Never one to pass up free books, I downloaded a Kindle version of The Alchemyst: The Secrets of the Immortal Nicholas Flamel for free. But it was far down the TBR list. My wife, however, read it and enjoyed it. This piqued my interest and one night I started reading it to “see what it was all about.”
It turned out to be a grand adventure. Not the most believable story, for sure, but imaginative and entertaining.
Here is the PW review to give you a flavor:
Twin 15-year-old siblings Sophie and Josh Newman take summer jobs in San Francisco across the street from one another: she at a coffee shop, he at a bookstore owned by Nick and Perry Fleming. In the vey first chapter, armed goons garbed in black with “dead-looking skin and… marble eyes” (actually Golems) storm the bookshop, take Perry hostage and swipe a rare Book (but not before Josh snatches its two most important pages). The stolen volume is the Codex, an ancient text of magical wisdom. Nick Fleming is really Nicholas Flamel, the 14th-century alchemist who could turn base metal into gold, and make a potion that ensures immortality. Sophie and Josh learn that they are mentioned in the Codex’s prophecies: “The two that are one will come either to save or to destroy the world.” Mayhem ensues, as Irish author Scott draws on a wide knowledge of world mythology to stage a battle between the Dark Elders and their hired gun—Dr. John Dee—against the forces of good, led by Flamel and the twins (Sophie’s powers are “awakened” by the goddess Hekate, who’d been living in an elaborate treehouse north of San Francisco). Not only do they need the Codex back to stop Dee and company, but the immortality potion must be brewed afresh every month. Time is running out, literally, for the Flamels. Proceeding at a breakneck pace, and populated by the likes of werewolves and vampires, the novel ends on a precipice, presumably to be picked up in volume two.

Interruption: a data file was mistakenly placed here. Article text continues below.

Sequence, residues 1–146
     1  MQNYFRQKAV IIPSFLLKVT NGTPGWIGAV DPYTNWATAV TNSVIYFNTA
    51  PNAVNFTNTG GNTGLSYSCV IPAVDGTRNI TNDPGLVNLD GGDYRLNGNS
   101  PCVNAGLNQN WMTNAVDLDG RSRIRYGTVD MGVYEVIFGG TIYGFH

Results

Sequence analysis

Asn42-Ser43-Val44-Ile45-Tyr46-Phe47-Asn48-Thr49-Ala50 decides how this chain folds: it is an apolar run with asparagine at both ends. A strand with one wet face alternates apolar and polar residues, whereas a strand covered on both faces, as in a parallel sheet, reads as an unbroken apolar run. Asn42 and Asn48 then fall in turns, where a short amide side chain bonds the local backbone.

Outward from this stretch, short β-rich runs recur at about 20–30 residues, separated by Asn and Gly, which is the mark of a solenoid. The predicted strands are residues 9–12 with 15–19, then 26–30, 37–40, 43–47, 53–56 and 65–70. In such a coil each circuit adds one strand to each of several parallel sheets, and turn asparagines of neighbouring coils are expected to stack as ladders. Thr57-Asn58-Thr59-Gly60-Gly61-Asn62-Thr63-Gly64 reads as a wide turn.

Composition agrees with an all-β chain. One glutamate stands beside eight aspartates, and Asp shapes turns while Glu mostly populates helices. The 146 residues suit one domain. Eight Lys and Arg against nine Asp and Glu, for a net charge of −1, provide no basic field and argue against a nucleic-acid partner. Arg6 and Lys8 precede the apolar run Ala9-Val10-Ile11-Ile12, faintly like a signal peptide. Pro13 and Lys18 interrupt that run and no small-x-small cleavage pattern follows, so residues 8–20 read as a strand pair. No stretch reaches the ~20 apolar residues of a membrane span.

To me this was not one of those works where the author creates an amazingly complex and believable world or worldview that sucks you in. Instead, it was an imaginative conceit – the existence of Elders, the truth of alchemy, etc. – that set up and action adventure series. The hook works because you don’t think about it too much; you just accept it and follow where the action leads.
The battle between good and evil is interesting and keeps the story moving at a nice pace. And there is just enough mystery and new characters to keep the reader wanting to know more. And if you enjoy mythology it is fun to see how Scott ties it all together.
This kind of young adult adventure series is perfect for bedtime reading after a stressful day. I have already started The Magician and plan to read the whole series. If, like me, you were not aware of it I recommend it as a fun read.